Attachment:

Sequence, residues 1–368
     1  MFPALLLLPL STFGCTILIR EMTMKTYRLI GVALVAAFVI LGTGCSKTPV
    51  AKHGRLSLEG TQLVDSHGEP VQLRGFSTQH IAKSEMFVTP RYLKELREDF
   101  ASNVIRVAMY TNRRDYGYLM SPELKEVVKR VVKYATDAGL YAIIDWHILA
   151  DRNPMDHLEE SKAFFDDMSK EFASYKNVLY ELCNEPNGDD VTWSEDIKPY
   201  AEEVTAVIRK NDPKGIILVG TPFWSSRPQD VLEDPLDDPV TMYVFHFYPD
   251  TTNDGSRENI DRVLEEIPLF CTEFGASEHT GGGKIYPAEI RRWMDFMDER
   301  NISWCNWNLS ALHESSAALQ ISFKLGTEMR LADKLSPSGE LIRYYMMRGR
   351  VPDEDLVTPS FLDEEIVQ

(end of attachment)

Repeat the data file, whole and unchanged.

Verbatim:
Sequence, residues 1–368
     1  MFPALLLLPL STFGCTILIR EMTMKTYRLI GVALVAAFVI LGTGCSKTPV
    51  AKHGRLSLEG TQLVDSHGEP VQLRGFSTQH IAKSEMFVTP RYLKELREDF
   101  ASNVIRVAMY TNRRDYGYLM SPELKEVVKR VVKYATDAGL YAIIDWHILA
   151  DRNPMDHLEE SKAFFDDMSK EFASYKNVLY ELCNEPNGDD VTWSEDIKPY
   201  AEEVTAVIRK NDPKGIILVG TPFWSSRPQD VLEDPLDDPV TMYVFHFYPD
   251  TTNDGSRENI DRVLEEIPLF CTEFGASEHT GGGKIYPAEI RRWMDFMDER
   301  NISWCNWNLS ALHESSAALQ ISFKLGTEMR LADKLSPSGE LIRYYMMRGR
   351  VPDEDLVTPS FLDEEIVQ